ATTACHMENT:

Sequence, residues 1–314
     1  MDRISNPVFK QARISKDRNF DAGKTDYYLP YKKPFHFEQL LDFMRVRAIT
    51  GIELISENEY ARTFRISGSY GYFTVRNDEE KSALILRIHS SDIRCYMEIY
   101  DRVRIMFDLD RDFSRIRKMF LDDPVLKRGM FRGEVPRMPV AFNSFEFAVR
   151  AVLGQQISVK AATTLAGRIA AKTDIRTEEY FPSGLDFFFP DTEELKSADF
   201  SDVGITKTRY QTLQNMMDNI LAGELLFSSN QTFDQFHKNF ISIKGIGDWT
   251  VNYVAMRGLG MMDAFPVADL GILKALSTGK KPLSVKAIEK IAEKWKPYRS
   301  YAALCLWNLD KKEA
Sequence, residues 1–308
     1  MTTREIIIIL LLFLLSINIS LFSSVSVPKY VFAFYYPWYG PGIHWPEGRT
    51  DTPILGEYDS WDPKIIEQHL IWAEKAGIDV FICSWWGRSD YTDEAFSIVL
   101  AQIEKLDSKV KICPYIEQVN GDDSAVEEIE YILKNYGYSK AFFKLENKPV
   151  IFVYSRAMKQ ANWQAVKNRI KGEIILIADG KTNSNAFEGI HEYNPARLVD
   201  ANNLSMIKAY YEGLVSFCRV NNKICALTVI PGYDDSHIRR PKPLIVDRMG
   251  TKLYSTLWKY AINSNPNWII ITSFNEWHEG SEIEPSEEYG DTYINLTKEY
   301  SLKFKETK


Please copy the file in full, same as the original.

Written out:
Sequence, residues 1–314
     1  MDRISNPVFK QARISKDRNF DAGKTDYYLP YKKPFHFEQL LDFMRVRAIT
    51  GIELISENEY ARTFRISGSY GYFTVRNDEE KSALILRIHS SDIRCYMEIY
   101  DRVRIMFDLD RDFSRIRKMF LDDPVLKRGM FRGEVPRMPV AFNSFEFAVR
   151  AVLGQQISVK AATTLAGRIA AKTDIRTEEY FPSGLDFFFP DTEELKSADF
   201  SDVGITKTRY QTLQNMMDNI LAGELLFSSN QTFDQFHKNF ISIKGIGDWT
   251  VNYVAMRGLG MMDAFPVADL GILKALSTGK KPLSVKAIEK IAEKWKPYRS
   301  YAALCLWNLD KKEA
Sequence, residues 1–308
     1  MTTREIIIIL LLFLLSINIS LFSSVSVPKY VFAFYYPWYG PGIHWPEGRT
    51  DTPILGEYDS WDPKIIEQHL IWAEKAGIDV FICSWWGRSD YTDEAFSIVL
   101  AQIEKLDSKV KICPYIEQVN GDDSAVEEIE YILKNYGYSK AFFKLENKPV
   151  IFVYSRAMKQ ANWQAVKNRI KGEIILIADG KTNSNAFEGI HEYNPARLVD
   201  ANNLSMIKAY YEGLVSFCRV NNKICALTVI PGYDDSHIRR PKPLIVDRMG
   251  TKLYSTLWKY AINSNPNWII ITSFNEWHEG SEIEPSEEYG DTYINLTKEY
   301  SLKFKETK